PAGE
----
Chronic neutrophilic leukemia (CNL) and atypical chronic myeloid leukemia (aCML) are rare entities grouped into the World Health Organisation (WHO) categories myeloproliferative and myelodysplastic/myeloproliferative neoplasms (MPN and MDS/MPN overlap), respectively. According to the WHO 2008 classification,1 both entities are characterized by leukocytosis and a hypercellular bone marrow, predominantly consisting of granulocytic cells.
Chronic neutrophilic leukemia is diagnosed by the expansion of neutrophils in the peripheral blood, the exclusion of an elevated blast count, and hepatosplenomegaly. In contrast to other MPNs, before 2013, no molecular marker was known to prove clonality or could shed light on the molecular nature of the disease. Therefore, CNL had been diagnosed by a number of exclusion criteria eliminating evidence for other neoplasms or myelodysplastic syndromes.
Atypical CML is diagnosed by a similar approach, since diagnosis according to WHO has featured an increased number of neutrophil precursors, a defined threshold of blasts and monocytes, and dysplasia in the granulocytic lineage. A distinctive feature for differential diagnosis of CNL and aCML is the proportion of immature neutrophils (≥10% in aCML and <10% in CNL). As in CNL, other neoplasms and myelodysplastic syndromes should be excluded.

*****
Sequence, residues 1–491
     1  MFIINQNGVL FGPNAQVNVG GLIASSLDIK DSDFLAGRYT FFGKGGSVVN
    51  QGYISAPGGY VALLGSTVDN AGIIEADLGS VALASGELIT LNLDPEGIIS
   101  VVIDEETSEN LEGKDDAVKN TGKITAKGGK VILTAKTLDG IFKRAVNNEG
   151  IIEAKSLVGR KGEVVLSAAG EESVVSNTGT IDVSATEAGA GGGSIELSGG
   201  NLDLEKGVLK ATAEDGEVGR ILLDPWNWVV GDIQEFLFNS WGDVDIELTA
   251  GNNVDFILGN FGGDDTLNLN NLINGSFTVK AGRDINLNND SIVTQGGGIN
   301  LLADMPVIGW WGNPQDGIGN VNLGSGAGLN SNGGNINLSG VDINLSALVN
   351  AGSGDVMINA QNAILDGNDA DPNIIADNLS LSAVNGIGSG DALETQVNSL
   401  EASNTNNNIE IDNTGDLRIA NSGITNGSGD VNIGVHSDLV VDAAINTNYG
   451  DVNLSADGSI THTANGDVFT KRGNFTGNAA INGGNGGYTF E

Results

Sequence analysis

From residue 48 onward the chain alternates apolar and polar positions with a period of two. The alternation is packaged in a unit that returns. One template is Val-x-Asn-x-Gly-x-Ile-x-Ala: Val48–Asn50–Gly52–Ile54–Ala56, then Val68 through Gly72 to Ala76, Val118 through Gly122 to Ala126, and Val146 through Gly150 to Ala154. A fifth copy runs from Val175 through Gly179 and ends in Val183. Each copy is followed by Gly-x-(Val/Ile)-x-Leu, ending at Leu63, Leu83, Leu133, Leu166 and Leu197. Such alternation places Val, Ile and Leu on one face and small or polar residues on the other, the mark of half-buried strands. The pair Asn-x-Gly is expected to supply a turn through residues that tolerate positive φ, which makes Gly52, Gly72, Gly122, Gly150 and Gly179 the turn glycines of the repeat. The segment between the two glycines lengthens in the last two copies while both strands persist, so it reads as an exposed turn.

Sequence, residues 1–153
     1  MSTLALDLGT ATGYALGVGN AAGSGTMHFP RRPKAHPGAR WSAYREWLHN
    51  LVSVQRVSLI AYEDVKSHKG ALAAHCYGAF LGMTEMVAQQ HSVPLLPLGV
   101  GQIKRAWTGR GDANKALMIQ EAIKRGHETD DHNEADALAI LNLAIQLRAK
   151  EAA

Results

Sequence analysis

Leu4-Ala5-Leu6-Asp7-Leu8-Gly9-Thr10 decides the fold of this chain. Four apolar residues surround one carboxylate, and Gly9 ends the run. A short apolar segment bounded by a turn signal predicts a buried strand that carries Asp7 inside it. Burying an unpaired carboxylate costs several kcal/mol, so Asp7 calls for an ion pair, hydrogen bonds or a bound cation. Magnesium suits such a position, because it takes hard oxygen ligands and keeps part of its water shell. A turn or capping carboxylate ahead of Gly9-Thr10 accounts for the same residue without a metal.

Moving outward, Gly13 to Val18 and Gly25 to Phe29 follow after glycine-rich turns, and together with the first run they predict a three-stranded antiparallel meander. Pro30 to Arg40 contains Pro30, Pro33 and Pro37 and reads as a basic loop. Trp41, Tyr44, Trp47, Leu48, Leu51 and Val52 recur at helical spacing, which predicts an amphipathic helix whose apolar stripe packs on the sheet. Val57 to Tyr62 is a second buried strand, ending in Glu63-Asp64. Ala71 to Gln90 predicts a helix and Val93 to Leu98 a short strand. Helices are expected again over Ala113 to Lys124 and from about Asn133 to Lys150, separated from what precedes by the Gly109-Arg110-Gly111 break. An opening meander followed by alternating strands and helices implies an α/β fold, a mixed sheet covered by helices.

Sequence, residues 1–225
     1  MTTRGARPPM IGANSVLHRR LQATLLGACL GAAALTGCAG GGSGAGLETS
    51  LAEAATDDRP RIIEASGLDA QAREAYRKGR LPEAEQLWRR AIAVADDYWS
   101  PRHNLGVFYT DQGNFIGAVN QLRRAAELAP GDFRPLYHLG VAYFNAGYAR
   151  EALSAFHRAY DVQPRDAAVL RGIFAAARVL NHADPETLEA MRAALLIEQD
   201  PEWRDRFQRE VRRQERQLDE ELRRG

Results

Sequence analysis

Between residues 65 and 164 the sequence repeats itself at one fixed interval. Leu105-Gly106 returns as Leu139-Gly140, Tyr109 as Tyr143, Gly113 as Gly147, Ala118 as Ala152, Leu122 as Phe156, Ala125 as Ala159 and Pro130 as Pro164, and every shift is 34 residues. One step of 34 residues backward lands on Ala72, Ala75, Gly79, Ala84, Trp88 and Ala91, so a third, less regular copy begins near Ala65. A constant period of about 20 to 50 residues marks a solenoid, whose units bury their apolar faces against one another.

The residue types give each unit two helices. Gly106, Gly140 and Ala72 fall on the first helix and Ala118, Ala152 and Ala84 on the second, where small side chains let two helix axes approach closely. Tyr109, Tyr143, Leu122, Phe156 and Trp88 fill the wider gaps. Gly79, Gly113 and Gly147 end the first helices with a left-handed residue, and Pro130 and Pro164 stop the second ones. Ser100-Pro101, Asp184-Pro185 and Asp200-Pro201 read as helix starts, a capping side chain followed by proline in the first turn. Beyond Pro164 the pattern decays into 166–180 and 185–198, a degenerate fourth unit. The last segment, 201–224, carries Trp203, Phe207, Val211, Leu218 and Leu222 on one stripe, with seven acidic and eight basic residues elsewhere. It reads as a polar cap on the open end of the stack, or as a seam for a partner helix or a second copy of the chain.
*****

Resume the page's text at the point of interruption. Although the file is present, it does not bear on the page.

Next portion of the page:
In addition, also chronic myelomonocytic leukemia (CMML) shares several of these characteristics and, therefore, needs to be discriminated from the other two entities, especially by the absolute number of monocytes for clinical decision making.
In the last three years, important markers have been identified for the diagnosis and differential diagnosis in these entities. ASXL1, SRSF2, and TET2 were found to be frequently mutated in CMML.32 SETBP1 was identified to be frequently mutated in aCML, which was shown to co-occur frequently with mutations in ASXL1 and CBL.54 CSF3R mutations were found to associate with CNL and aCML.76
In Philadelphia negative MPNs, cytogenetic abnormalities occur, but the frequency differs and no specific abnormality has been defined in the different entities so far.8 Therefore, the aim of our study was to determine the frequencies of the new armamentarium of genes, i.e. ASXL1, CBL, CSF3R, SETBP1, SRSF2, and TET2 mutations in CNL, aCML, and CMML, to help guide the diagnosis and clinical decisions of these three, in part overlapping, entities. A total of 218 patients were diagnosed according to the WHO 2008 criteria, including 14 cases with CNL, 58 with aCML, and 146 with CMML (for more clinical details see Online Supplementary Table S1). Cytogenetics was available in 211 (97%) cases. In all cases, BCR-ABL1 was excluded by RT-PCR and/or FISH, and JAK2V617F mutation was analyzed by melting curve analyses, as were JAK2 exon 12 and MPL mutations in JAK2wild-type (wt) patients. CALR mutations were analyzed in JAK2wt CNL and aCML patients by Sanger sequencing. Presence of PDGFR-rearrangements was excluded in CNL by expression analyses of PDGFRA and PDGFRB. In all patients the mutational hot spot regions of ASXL1, CBL, CSF3R, SETBP1, and SRSF2 were analyzed by Sanger sequencing. The complete coding region of TET2 was analyzed by next generation sequencing in 217 of 218 cases. For more details see Online Supplementary Appendix.
Cytogenetic aberrations were detected in 54 of 211 cases (26%); the most frequent were trisomie 8 (n=14), deletion of the Y chromosome (n=7), del(20q) (n=3), and i(17)(q10) (n=3). However, there was no association to one of these entities.